A Night in Macbeth’s Castle


A Night in Macbeth’s Castle – Courtesy of RIFT/Felix Mortimer

LONDON, United Kingdom − I met Felix Mortimer during week two of rehearsals for Macbeth, the new production that his company – RIFT – is bringing to a secret location in East London from June to August 2014. It is lunchtime on a windy, changeable day in May, and the cast are enjoying their break in a haphazardly furnished room with a couple of large tables a somewhat rickety chairs. As we sit in a somewhat quiet corner in two beat-up armchairs, Felix muses about the rich theatre scene in London, remarking freely on how there is so much offer at the moment in terms of immersive, interactive or simply non-traditional theatre. Of course, much of it is really not very good (admittedly, he may have used a rather more colourful phrase). Aware of how this influences audiences, Felix knows that those who will go to see his company’s overnight version of Macbeth will likely come with a certain set of expectations about interacting with the actors, the environment about them and the drinks on offer! How, then, are they going to captivate an audience of 90 people each night and keep them interested, engaged, and thinking not just for the traditional duration of one of Shakespeare’s most iconic tragedies, but for a whole night and through breakfast the next morning?


A Night in Macbeth’s Castle – Courtesy of RIFT/Felix Mortimer

Why did you decide to produce a new version of Macbeth, one of Shakespeare’s most well-known plays?

Shakespeare is universal. His work has been so infinitely interpreted – if you were do to a twentieth century play, people would question why you are doing it in a certain way, because those plays are more grounded in that time, there is a set interpretation to them. Shakespeare wrote about the dark and distant past, about contemporary stuff, not quite about the future ­– in The Tempest – but he had a big scope and that is what makes our play easier because there is so much to it, it can be any time. Ultimately, it is about a relationship: this dark marriage, and the horrible consequences of doing one evil thing that you then cannot ever escape. Our version is set in 1970s Eastern Europe, so there are lots of similar things going on in terms of politics as well.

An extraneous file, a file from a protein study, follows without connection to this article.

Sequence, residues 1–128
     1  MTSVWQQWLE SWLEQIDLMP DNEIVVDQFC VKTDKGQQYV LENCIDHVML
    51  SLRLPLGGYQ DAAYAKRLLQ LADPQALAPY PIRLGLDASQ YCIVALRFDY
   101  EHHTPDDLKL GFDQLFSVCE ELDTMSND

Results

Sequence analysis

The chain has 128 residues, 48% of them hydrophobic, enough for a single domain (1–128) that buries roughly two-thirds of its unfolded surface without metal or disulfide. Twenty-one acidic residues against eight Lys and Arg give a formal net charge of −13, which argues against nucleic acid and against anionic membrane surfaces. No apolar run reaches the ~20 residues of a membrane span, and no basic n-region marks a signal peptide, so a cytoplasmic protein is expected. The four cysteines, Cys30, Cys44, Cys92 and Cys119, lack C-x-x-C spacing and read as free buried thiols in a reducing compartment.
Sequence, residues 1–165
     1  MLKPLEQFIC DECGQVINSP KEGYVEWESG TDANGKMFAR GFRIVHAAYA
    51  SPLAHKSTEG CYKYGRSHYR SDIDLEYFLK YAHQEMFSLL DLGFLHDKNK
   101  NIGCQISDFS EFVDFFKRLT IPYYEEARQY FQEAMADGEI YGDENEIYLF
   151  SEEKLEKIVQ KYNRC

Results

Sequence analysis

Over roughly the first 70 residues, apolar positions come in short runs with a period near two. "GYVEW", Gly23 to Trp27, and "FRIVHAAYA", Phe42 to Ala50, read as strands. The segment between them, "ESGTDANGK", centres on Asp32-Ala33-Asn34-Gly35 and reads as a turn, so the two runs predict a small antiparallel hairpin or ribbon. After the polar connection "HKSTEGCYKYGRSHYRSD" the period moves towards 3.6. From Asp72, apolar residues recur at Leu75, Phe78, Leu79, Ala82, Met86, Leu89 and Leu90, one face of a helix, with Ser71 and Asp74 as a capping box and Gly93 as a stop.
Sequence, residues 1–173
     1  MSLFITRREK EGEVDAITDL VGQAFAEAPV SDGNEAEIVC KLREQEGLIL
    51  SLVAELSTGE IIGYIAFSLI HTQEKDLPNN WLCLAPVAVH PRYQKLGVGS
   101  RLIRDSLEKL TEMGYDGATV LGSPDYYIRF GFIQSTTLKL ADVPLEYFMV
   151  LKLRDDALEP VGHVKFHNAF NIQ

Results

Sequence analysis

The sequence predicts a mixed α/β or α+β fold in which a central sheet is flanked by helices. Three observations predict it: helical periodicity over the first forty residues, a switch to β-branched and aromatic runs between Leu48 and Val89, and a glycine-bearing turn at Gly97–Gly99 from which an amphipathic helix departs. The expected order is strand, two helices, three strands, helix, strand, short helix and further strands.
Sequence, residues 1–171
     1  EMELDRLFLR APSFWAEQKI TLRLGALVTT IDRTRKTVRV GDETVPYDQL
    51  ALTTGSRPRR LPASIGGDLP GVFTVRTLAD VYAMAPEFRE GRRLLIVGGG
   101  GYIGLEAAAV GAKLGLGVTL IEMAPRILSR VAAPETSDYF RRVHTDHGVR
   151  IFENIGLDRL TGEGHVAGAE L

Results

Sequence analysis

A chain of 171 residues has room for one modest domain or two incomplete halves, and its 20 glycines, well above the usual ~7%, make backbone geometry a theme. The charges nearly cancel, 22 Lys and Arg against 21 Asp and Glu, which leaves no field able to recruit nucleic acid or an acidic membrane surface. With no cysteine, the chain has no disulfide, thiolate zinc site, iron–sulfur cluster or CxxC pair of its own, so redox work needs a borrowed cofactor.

The idea is also interesting in terms of the location and the architecture of the building we are taking it to. The last production we did here – The Trial – showed us a building so violent and brutal, Macbeth seemed like a perfect story. It is a play that has some very intimate personal scenes and some courtly scenes – in my mind, just putting Macbeth into this brutal context really worked. While the location remains secret, I can say that it all takes place in a building built in the 1950s as a utopian vision of a future in which everyone would live in tower blocs. Of course, it did not quite transpire like that and those buildings became a vision of dystopia instead – in this, I see a similarity to Macbeth himself: he wants to be king to make things better and he just ends up making things worse.

There is a lot of immersive theatre at the moment, and it can be hard to retain meaning when something is so trendy: how do you you’re your work meaningful?

If you look at theatre in general, there is so much rubbish and there is some good stuff – it is the same with this genre. There are a lot of people doing interesting things, who are taking it in lots of different directions – gaming, exploratory, installation. I think it gives you a bigger toolbox of things to play with and that is what is exciting for us. We still want to tell a story and that is the challenge for us – to tell a story while people are part of it. Audiences really, really love it – it is really exciting that theatre is becoming … exciting! For so long, it was boring and it is nice that younger people and people who would not usually go to the theatre can access this – that is what we are all about. We are taking this play, which people only read in school, and hopefully presenting it to them in a way that they never imagined it could be and enabling them to engage with it.

Does that make it difficult, trying to predict lots of different reactions from the audience?